It allows sucks up all the nastiness that comes with fleas – i.e. that disgusting pre-digested blood feces that looks like coarse ground black pepper. Not only is removing this crap much much more sanitary for you, it also removes the main food source of flea larvae (yes, they eat this stuff).

Lastly, the vibrations from the vacuum can stimulate flea pupae to leave their cocoon, which makes it easier to suck them up into the vacuum. Because the cocoon is resistant to insecticides and often spun around the base of the carpet fibers – they can be very difficult to kill or remove. Enticing them out of it is the best way to deal with them.

How to do it: Start at one end of the room and vacuum in strips so you can cover the entire carpet. Give some extra time and attention to the corners of the room as well as any dark, humid areas (i.e. under furniture) and places that you pet likes to hang around.

When you’re done vacuuming, take it outside before you remove the bags to prevent any fleas from getting back in your house.

Try to vacuum every day for at least 2 weeks.

Steam ’em to death

Why it’s awesome: Fleas at all life stages can’t survive temperatures above 95 degrees. And even if the steam doesn’t reach deep enough to kill all the fleas hidden in the carpet, the heat alone could be enough to stimulate dormant flea pupae to leave their cocoons – which makes them much easier to kill since their cocoons are often attached to the carpet fibers.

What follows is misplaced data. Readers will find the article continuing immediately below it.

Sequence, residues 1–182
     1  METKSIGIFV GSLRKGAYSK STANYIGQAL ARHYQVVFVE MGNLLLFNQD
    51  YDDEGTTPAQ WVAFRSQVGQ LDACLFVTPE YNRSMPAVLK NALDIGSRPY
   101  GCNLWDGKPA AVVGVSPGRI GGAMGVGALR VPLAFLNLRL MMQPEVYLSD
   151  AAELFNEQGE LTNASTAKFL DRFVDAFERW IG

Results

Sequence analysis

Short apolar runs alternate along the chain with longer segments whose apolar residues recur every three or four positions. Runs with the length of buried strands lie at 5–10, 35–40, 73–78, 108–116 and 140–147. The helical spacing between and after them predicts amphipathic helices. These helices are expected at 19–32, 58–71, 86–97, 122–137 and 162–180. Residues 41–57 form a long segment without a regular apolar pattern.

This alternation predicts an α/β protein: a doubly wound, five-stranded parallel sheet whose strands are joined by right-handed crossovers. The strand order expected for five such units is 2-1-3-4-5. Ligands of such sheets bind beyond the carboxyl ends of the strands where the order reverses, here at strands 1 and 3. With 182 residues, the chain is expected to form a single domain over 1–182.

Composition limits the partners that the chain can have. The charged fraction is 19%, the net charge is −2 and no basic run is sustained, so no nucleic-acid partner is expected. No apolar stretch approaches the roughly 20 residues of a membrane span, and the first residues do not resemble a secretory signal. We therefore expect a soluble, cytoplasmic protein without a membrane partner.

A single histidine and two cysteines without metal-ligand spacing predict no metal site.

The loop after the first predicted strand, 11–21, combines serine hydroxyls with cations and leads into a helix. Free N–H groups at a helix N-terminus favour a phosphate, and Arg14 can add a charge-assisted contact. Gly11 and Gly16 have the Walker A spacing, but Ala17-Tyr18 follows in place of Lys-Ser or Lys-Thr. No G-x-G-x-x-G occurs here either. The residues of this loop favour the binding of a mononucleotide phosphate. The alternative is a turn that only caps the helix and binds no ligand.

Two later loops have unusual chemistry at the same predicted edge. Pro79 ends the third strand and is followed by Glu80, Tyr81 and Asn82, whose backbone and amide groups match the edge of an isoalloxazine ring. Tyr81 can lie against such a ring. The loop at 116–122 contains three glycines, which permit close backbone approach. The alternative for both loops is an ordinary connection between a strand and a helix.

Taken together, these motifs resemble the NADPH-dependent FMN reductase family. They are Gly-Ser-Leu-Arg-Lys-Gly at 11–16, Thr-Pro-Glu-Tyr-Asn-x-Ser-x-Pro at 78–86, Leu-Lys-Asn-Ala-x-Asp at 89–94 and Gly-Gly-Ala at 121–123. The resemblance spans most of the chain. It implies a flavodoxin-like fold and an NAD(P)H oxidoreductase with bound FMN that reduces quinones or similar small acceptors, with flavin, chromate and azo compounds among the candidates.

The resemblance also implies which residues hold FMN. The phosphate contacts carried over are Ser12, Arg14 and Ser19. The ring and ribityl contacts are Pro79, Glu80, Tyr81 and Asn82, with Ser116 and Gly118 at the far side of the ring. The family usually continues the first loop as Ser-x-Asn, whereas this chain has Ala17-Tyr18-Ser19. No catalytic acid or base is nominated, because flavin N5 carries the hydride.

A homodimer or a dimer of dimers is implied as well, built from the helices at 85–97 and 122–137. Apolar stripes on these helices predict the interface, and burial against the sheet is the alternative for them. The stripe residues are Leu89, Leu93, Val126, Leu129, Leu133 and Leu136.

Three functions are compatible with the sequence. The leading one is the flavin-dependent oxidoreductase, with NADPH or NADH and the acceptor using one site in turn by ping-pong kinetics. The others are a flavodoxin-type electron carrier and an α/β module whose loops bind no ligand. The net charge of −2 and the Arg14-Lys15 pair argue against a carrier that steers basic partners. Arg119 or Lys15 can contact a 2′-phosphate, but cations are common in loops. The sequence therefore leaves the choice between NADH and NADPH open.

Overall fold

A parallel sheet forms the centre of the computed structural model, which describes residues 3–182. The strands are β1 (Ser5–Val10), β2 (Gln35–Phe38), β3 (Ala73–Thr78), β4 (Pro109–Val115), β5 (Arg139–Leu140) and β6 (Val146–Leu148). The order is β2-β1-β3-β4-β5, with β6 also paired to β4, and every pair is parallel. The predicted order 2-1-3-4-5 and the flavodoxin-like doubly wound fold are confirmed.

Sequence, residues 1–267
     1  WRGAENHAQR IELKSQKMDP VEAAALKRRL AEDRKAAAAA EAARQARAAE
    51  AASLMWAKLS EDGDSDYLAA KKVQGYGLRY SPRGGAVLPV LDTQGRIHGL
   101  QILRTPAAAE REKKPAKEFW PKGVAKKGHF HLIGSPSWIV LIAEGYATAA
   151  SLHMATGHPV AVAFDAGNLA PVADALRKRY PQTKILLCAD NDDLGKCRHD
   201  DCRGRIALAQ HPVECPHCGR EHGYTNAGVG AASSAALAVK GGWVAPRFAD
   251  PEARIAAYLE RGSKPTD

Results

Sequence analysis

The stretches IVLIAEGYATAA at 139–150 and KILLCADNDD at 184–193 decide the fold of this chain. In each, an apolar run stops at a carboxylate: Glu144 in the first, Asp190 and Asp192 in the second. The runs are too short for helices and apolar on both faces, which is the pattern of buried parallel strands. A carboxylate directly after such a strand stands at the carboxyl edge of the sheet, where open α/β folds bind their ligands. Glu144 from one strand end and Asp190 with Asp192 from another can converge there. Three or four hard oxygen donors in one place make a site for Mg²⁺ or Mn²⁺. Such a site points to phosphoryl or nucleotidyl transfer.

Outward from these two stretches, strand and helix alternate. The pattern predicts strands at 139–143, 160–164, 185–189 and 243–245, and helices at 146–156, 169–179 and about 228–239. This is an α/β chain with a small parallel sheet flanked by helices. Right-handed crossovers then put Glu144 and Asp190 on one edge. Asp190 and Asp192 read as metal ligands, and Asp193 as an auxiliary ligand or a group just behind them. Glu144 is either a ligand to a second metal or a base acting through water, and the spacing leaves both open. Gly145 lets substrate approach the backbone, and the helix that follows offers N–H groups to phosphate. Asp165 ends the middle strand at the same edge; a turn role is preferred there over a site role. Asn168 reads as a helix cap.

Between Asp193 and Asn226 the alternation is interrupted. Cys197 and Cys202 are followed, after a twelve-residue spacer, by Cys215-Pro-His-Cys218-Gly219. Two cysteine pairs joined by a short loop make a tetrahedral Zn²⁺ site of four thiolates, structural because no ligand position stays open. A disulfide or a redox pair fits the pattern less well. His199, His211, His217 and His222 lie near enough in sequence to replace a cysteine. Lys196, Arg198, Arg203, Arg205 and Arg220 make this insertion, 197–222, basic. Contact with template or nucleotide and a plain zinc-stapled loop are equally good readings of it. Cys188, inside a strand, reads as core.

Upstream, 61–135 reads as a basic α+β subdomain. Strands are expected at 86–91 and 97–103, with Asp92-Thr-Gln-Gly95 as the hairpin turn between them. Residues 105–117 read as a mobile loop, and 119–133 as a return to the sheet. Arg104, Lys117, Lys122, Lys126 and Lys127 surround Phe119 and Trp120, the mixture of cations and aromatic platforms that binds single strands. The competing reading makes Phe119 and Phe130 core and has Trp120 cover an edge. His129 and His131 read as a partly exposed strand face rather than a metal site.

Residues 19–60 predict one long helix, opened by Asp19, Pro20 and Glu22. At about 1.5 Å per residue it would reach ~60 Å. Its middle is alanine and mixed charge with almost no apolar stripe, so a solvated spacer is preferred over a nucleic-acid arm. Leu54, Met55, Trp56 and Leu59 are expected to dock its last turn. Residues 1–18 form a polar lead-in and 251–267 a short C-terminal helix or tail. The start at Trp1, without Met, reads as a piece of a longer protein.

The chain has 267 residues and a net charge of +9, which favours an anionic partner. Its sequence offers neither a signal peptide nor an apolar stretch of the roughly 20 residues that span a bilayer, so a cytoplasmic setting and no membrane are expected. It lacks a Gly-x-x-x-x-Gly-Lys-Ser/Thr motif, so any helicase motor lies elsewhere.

It’s also a totally natural way to kill fleas and sanitize your space at the same time, which is great if you’ve got kids around and are looking for non-toxic ways to get rid of fleas in the carpet.

How to do it: Either rent a steamer, hire a professional cleaning service or get a home steam cleaner. We recommend McCulloch’s Heavy Duty Steam Cleaner – it heats water to over 200 degree Fahrenheit, produces strong steam and you can use it on both your upholstered furniture and carpets.

Vacuum daily even after the steam cleaning treatment to capture the newly hatched fleas.

Sprinkle flea killers on your carpet

There are a lot of things things you can use to kill fleas in carpet – what you choose to go with depends on whether you prefer natural or chemical methods, how sensitive your pets are, and how severe the infestation is.

Here are your options:

  • Baking soda and salt. Best for light to medium infestations. Natural and safe. Sprinkle a fine layer of baking soda and salt on your carpet, leave for 24 hours, check the carpet to see the situation – if there are only a few fleas left, vacuum it all up – baking soda, salt and the dead flies. If not much has improved, leave it for up to a week.
  • Diatomaceous earth (DE). Great for all levels of infestations, except very severe. Natural and safe, but make sure you get food-grade Diatomaceous earth (DE). Sprinkle a light layer of DE onto your carpet, apply a heavier layer in your pet’s favorite hangout areas and under furniture. Leave it on your carpet for around 4 to 5 days and then vacuum it all up.
  • Natural flea spray. Good for light to medium infestations. Natural and safe. The best one is Vet’s Best Home Spray – it uses peppermint and clove oils and kills fleas and their eggs on contact. Wait until dry and vacuum.